Broadband network grants should boost employment
- By William Jackson
- Oct 31, 2011
Broadband infrastructure being created in Northeast Ohio by the nonprofit OneCommunity is intended to help area governments, educational institutions and health care facilities take advantage of the move to cloud computing, said Brett Lindsey, the group's chief operating officer.
It also is expected to generate jobs. That is, after all, the purpose of the American Recovery and Reinvestment Act, under which OneCommunity received a $44.8 million grant. How many jobs will it create? The Council of Economic Advisers came up with a formula for calculating the employment impact of various types of federal stimulus, measured in job years, a job-year being one job lasting one year.
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The most effective form of stimulus is direct government spending, the council said, which creates one job-year for each $92,136 spent. It takes more than $145,000 in tax cuts to create a job-year and more than $116,000 of fiscal relief to states.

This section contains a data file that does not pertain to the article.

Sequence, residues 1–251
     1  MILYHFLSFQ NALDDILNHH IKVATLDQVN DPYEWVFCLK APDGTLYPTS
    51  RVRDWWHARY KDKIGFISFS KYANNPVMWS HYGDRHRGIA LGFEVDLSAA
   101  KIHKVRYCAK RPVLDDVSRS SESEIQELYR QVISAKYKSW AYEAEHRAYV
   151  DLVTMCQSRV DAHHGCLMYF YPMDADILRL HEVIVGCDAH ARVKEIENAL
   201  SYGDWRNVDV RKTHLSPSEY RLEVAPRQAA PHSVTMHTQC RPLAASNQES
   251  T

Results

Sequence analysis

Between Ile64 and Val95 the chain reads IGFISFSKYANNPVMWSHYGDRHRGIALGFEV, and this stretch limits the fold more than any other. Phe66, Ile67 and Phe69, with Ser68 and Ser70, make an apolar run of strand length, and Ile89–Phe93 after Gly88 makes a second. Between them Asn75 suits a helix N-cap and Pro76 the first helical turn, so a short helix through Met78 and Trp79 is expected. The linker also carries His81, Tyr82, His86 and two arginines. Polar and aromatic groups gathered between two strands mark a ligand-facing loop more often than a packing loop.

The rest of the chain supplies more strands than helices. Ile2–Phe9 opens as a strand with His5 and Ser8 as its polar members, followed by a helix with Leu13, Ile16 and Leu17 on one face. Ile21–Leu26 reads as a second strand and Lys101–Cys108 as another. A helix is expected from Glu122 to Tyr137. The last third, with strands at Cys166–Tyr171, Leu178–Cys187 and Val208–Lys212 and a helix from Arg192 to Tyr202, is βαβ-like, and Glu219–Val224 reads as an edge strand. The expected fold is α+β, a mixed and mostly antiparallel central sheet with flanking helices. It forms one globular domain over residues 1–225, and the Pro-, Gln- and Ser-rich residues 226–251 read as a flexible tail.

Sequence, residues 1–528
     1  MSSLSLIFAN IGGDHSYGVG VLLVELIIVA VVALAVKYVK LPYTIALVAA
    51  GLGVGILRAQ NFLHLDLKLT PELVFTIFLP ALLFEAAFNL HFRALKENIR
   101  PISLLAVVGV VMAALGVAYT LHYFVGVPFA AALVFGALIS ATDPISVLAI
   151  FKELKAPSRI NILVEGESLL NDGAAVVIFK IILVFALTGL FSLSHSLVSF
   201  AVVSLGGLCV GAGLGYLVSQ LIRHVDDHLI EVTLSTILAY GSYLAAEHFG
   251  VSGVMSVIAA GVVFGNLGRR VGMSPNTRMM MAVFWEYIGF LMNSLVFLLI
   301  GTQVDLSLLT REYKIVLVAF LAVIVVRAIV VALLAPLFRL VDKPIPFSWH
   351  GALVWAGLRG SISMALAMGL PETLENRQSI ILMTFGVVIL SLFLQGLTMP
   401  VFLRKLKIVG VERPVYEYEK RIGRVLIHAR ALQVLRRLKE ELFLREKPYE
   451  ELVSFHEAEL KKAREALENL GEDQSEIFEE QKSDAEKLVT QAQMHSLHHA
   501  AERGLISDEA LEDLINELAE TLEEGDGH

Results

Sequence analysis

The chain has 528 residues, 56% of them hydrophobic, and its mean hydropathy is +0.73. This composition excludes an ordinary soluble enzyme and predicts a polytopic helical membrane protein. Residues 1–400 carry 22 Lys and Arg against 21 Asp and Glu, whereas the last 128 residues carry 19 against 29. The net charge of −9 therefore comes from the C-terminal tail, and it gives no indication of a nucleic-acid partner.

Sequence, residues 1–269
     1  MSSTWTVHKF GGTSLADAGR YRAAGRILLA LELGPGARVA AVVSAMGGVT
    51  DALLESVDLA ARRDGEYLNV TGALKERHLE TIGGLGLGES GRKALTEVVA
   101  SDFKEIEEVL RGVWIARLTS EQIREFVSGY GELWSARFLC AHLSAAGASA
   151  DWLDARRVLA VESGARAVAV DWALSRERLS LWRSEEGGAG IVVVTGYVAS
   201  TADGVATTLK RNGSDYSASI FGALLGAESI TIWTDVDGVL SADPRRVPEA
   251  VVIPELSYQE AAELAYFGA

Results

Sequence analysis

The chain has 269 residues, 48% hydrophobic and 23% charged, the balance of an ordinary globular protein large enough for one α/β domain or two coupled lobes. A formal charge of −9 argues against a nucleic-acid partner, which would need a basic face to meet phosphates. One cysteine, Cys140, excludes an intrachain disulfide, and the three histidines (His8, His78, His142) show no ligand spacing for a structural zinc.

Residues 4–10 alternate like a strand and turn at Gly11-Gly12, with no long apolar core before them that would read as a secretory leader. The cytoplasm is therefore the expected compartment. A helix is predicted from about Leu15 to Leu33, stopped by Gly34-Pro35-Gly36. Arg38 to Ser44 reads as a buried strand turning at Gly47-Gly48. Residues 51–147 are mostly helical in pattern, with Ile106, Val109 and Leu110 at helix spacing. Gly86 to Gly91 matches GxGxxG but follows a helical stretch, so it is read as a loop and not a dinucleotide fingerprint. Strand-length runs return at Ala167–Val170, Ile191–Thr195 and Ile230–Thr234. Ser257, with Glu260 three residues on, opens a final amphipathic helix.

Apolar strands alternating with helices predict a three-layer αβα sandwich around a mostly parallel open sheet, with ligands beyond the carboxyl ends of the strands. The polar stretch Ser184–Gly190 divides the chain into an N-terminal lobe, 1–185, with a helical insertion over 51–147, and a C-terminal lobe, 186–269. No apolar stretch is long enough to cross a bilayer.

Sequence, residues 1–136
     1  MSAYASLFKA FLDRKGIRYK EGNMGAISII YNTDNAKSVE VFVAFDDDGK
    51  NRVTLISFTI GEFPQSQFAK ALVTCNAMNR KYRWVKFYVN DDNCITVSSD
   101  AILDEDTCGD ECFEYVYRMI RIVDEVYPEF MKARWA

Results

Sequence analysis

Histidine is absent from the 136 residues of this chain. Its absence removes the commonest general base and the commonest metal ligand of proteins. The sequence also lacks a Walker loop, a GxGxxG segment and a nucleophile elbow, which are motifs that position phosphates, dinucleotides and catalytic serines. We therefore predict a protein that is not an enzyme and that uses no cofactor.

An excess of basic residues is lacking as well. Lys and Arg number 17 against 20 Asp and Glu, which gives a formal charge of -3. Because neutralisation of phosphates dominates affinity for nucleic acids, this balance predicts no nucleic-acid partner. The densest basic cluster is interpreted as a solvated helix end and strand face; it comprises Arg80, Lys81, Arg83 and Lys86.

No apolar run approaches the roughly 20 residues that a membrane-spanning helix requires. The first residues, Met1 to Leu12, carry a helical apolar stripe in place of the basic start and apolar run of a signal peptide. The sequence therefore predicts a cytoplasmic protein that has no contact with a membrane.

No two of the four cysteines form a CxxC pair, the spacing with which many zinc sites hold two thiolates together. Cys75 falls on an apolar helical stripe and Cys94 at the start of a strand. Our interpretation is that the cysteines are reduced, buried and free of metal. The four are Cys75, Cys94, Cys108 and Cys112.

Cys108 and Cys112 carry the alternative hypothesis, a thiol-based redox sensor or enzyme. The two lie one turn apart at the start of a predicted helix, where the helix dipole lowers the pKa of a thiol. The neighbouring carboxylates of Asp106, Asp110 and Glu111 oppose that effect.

The spending will create jobs in different categories. About two-thirds of them are direct jobs, created directly by the government-sponsored program, and indirect jobs for suppliers who support the program. The remaining 36 percent are induced jobs created elsewhere in the economy by additional spending. So the council’s simple rule for estimating job-years created by government spending is:
- About $92,000 of government spending creates one job-year.
- 64 percent of the job-years represent direct and indirect effects.
- 36 percent of the job-years are induced effects.
Based on this formula, OneCommunity estimates that the $45 million grant, not counting the $25 million being chipped in locally, will create:
- 192 direct job‐years (construction, engineering, operations, consulting).
- 127 indirect job‐years (equipment, fiber, peripherals, other material vendors).
- 180 induced job-years (jobs created through the net effect of adoption and use of broadband by area businesses).
It’s tough to nail down the exact number of jobs that such a project will create, Lindsey said. “But people seem to believe we’re having an impact on their business.”
William Jackson is a Maryland-based freelance writer.